Alcohol brands should stop sponsoring sport - researchers Friday, 13 January 2017

Source: Radio New Zealand, 12 Janury 2017

Health researchers say people watching televised sport, including children, are exposed to large amounts of alcohol advertising.

In the latest issue of the New Zealand Medical Journal for a ban on alcohol sponsorship in sport, the researchers from Otago and Harvard universities have called for a ban on alcohol sponsorship in sport.

The researchers studied New Zealand television broadcasts of five international sporting events over summer two years ago.

The research analysed five major sporting events televised at that time: a Rugby League 9s test match (women) in Auckland; the Australia Open Final tennis match (men) in Melbourne; the Asian Cup Final (men), Sydney; Football Ferns International Friendly (women), chicago; and the one-day Cricket World Cup Final (men), Melbourne.

They found audiences were exposed to a high frequency and duration of alcohol marketing during sports broadcasts, particularly on sideline hoardings.

"Audiences were exposed to between 1.6 and 3.8 alcohol brand exposures per minute. Alcohol brands were visible between 42 and 777 times across the games examined. For three out of the five events alcohol brands were visible for almost half of the game."

Those watching the entire Cricket World Cup were exposed to alcohol brands 519 times, while viewers of the Australian Open were exposed 777 times.

The researchers said one sport also featured brands on players' uniforms, implying they used and endorsed the brand.

"The association of alcohol with sporting heroes deals a double blow to health promoters as role models to children are used to promote an unhealthy and harmful product."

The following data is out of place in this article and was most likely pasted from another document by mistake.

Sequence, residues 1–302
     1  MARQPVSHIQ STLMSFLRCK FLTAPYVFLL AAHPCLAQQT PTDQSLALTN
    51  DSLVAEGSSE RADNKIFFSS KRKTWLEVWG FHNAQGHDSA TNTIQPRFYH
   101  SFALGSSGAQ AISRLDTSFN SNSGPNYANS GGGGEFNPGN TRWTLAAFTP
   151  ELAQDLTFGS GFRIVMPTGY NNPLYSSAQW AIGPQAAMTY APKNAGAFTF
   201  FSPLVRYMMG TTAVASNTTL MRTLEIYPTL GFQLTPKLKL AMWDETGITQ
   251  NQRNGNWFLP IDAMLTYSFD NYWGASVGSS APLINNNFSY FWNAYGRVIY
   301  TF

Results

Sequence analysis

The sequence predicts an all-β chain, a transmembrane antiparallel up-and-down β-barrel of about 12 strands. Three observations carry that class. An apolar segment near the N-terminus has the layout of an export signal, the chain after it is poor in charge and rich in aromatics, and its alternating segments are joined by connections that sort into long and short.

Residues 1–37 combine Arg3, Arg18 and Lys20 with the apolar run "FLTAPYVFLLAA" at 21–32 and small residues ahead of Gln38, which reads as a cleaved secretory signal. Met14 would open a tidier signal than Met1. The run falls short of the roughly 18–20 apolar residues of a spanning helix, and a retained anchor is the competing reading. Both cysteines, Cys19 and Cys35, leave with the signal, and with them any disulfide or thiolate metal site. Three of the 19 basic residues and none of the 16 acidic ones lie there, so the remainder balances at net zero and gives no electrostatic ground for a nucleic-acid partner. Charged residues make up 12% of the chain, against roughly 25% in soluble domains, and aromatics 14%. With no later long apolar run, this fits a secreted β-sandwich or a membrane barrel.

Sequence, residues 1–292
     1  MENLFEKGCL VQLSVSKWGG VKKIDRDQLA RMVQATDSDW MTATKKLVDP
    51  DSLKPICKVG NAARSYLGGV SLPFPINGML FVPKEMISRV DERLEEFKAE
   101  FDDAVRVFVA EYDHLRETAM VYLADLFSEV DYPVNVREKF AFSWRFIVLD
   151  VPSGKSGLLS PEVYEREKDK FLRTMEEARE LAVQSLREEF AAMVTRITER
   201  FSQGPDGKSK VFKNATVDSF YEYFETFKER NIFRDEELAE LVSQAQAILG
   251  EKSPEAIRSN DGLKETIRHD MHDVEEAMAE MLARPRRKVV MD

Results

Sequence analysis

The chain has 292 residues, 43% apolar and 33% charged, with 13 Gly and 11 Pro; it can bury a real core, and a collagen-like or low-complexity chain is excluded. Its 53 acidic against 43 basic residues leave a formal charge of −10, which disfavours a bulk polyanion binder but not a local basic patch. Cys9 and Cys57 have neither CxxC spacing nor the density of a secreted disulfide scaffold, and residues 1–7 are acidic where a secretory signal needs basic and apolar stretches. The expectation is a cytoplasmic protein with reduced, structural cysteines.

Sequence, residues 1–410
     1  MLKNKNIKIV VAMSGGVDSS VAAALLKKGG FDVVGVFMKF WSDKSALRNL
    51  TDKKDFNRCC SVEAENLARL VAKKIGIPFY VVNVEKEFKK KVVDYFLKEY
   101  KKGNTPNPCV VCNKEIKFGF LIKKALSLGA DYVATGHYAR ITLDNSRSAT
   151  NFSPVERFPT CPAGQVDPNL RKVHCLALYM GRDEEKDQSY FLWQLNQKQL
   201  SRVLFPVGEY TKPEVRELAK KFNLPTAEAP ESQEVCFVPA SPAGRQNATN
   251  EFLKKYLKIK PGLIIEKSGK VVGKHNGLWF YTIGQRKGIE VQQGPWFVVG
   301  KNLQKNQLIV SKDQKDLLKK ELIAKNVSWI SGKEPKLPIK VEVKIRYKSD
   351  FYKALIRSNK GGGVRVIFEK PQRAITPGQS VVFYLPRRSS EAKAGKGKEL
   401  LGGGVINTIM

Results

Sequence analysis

Otago University Wellington-based public health expert Louise Signal, a co-author of the research, said it was damaging in a country where more than a third of young people were binge drinking by consuming six or more drinks on one occasion.

"Sport sponsorship bypasses traditional marketing and gets around the current advertising codes. Children see their sporting heroes linked with alcohol. In New Zealand we have already agreed that alcohol should not be marketed to children by traditional marketing. Why should we allow it with sports sponsorship?"

Rugby league and cricket watchers were not immune, although cricket fans were protected by the absence of a major alcohol sponsor in the Cricket World Cup, said Dr Signal.

The researchers said the World Health Organisation had called for regulation of alcohol sponsorship because of strong evidence of the effectiveness of regulation in reducing alcohol-related harm.

They said their findings supported advice to the government from a ministerial forum group chaired by rugby league star Graham Lowe in 2014 to remove alcohol-related sponsorship of sport.

"Our research suggests once again that we are seeing a great deal of alcohol advertising during sport on television and we should end this association," said Dr Signal.

Co-author Tim Chambers, currently at Harvard in the United States, said there were many healthy sponsors of sport that could replace alcohol. "For example, ASB Bank sponsored the ASB tennis classic this month."

An editorial in today's journal said sport was the primary vehicle for the promotion of alcohol, with the majority of alcohol industry advertising and sponsorship budgets spent in and around sport.

"The New Zealand government has thus far failed to act on repeated expert recommendations that would support a change in the drinking culture, and as such continues to support a culture where problem drinking behaviour and associated harms will be difficult to address."